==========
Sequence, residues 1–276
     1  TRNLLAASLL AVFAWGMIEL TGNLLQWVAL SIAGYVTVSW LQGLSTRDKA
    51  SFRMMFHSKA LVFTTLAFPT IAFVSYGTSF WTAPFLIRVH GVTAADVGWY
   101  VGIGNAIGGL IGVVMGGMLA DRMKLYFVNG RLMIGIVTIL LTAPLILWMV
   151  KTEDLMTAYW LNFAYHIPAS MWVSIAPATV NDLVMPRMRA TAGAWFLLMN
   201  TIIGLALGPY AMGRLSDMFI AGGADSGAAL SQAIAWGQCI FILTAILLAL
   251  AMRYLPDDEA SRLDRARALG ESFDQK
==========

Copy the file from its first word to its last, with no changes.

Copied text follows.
Sequence, residues 1–276
     1  TRNLLAASLL AVFAWGMIEL TGNLLQWVAL SIAGYVTVSW LQGLSTRDKA
    51  SFRMMFHSKA LVFTTLAFPT IAFVSYGTSF WTAPFLIRVH GVTAADVGWY
   101  VGIGNAIGGL IGVVMGGMLA DRMKLYFVNG RLMIGIVTIL LTAPLILWMV
   151  KTEDLMTAYW LNFAYHIPAS MWVSIAPATV NDLVMPRMRA TAGAWFLLMN
   201  TIIGLALGPY AMGRLSDMFI AGGADSGAAL SQAIAWGQCI FILTAILLAL
   251  AMRYLPDDEA SRLDRARALG ESFDQK